6.1.4.1.4. Finally, thought had to be given to the appropriate reference frame for journeys. Due to the fact that some journeys tend to be forgotten more easily than others – “recall effect'', the following reporting periods were assigned retrospectively: (1) Holiday Journeys: twelve months (2) Other Private Journeys: three months (3) Business Journeys: three months

6.1.4.2. A Two-Phase-System

6.1.4.2.1. One essential aspect often overlooked in surveys is that the respondent is the “customer” and that he needs to be treated accordingly. This means that the burden placed on him by the survey needs to be kept to a minimum level.

6.1.5. The Questionnaire

6.1.5.1. The questionnaire developed for the two-phase survey system was divided into individual forms (see the note1).

6.1.5.1.1. Note1

6.1.5.2. All forms of the questionnaire were translated into eleven different languages and were used with all three methods. Some minor adjustments had to be made in order to make the questionnaire suitable to the employed method as well as the surveyed country or region.

6.1.6. Survey Implementation

6.1.6.1. The survey was carried out by a number of different institutions. Not only private survey organizations, but also national statistical offices and transport ministries were involved

6.1.6.2. After twelve months of intensive fieldwork in each of the 16 countries, one can say that the implementation of the survey system was successful and led to two conclusions: (1) Respondents were interested in the subject matter; (2) Respondents were receptive to the survey design and the questionnaire

6.1.6.3. The average response rate for Phase 1 across all 16 countries was 66%, which is higher than was expected at the beginning of the project. Even in countries such as Great Britain, where postal surveys are generally regarded as being ineffective, a highly satisfactory rate was reached

6.1.6.3.1. Phase 2 fared even better. With an average response rate of 85%, the positive advantage of using a two-phase-system became more apparent.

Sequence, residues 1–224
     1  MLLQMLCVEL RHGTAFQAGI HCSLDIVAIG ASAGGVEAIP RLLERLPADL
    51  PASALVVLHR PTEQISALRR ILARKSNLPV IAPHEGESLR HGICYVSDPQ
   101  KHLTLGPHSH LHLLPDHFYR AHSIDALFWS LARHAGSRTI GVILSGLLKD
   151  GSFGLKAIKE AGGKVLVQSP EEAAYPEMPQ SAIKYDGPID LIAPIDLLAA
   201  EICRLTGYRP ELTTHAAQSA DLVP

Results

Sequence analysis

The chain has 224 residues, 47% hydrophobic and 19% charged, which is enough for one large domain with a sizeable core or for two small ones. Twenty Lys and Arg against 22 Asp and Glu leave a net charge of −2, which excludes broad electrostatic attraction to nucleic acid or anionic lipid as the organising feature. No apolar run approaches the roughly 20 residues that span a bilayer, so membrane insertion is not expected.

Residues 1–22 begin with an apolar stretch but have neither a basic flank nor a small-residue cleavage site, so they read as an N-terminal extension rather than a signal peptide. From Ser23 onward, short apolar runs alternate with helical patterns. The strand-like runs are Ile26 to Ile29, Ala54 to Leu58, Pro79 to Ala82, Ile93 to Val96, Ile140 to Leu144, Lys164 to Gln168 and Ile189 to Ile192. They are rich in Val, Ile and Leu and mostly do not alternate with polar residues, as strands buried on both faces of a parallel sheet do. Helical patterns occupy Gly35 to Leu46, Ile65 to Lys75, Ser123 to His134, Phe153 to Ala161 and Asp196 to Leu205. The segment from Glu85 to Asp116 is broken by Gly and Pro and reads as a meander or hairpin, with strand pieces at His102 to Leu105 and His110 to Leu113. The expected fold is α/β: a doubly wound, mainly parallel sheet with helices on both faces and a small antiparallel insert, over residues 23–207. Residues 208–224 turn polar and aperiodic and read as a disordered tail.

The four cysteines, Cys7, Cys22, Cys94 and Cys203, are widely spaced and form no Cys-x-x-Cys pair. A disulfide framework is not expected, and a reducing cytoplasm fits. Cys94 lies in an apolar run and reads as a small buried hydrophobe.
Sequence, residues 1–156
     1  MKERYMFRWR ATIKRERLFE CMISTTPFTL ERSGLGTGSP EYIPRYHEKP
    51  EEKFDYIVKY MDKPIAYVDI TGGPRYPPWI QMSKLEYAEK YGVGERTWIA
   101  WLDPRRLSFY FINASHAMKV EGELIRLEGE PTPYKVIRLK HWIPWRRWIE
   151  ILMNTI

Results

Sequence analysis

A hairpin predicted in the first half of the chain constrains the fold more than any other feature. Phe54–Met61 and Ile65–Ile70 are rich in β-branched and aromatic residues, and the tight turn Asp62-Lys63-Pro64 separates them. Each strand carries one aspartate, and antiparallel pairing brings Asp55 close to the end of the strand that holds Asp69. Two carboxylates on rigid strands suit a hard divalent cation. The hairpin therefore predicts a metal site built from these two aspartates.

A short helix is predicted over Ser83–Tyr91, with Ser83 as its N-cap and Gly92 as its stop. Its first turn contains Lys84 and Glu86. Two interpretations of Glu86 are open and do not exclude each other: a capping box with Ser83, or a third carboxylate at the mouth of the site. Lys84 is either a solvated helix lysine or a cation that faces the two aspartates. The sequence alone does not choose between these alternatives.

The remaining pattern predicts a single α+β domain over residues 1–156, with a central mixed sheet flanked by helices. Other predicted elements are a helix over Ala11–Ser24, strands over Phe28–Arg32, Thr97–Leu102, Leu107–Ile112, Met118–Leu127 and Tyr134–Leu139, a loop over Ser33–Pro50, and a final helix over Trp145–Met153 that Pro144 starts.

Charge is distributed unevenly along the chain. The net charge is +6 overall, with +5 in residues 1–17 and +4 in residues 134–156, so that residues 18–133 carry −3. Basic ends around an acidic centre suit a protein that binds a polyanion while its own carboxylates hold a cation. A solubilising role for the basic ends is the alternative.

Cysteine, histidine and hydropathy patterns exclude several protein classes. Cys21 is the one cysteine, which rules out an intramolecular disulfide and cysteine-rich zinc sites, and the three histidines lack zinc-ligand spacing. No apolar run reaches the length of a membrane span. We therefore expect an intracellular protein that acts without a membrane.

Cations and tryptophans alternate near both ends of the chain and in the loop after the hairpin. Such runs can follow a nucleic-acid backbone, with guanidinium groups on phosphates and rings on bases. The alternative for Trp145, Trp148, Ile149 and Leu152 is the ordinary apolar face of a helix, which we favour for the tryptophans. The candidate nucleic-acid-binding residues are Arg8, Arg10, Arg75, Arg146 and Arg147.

6.1.6.4. The overview of response rates in Note2.

6.1.6.4.1. Note2

6.1.7. Conclusion

6.1.7.1. The effectiveness of the survey system proved high as indicated by an overall response rate of 66% across all 16 countries. People showed much interest in the subject matter and were overwhelmingly satisfied with the survey.

6.1.7.2. The project has shown that it is possible to develop and implement a long-distance travel survey standard that satisfies distinct cultural and institutional needs of the different countries in Europe. Predicated on a critical project analysis, the rich reservoir of accumulated experience will allow to establish a permanent European monitoring system for high quality long-distance travel surveys.

6.2. Survey on high-speed rail usage in Germany

6.2.1. Background

6.2.1.1. The survey (n=200) should address high-speed rail users in Germany, and is planned to be carried out on railway platforms of Karlsruhe main station addressing passengers waiting for high-speed trains.

6.2.2. Scope of the offer

6.2.2.1. 1) Preparation of the survey 2) Conduction of the survey 3) Compilation of survey results 4) Bringing in background knowledge on relevant studies

6.2.2.1.1. 1) Preparation of the survey the duration to conduct the survey should not exceed 10 minutes. Conducting the survey on railway platforms of Karlsruhe main station / pedestrian zone in Karlsruhe or station forecourt the first question of the survey needs to be adjusted accordingly to ensure that each interviewee has used high-speed rail services within the last 12 months.

6.2.2.1.2. 2) Conduction of the survey The survey will be conducted during 2-3 days in week 49 and/or week 50.

6.2.2.1.3. 3) Compilation of survey results The survey results will be compiled in Excel format, and, where necessary, translated into English.

6.2.2.1.4. 4) Bringing in background knowledge on relevant studies KIT will bring in expert knowledge on studies or projects relevant for the elaboration of the feasibility study, according to specific requests by Főmterv.

6.3. Our Survey

6.3.1. should

6.3.1.1. * conduct the survey on the platform(s) in Karlsruhe main station before the departure of high-speed trains (ICE, TGV).

6.3.1.2. * A survey should be not too long, allowing its completion in less than 10 minutes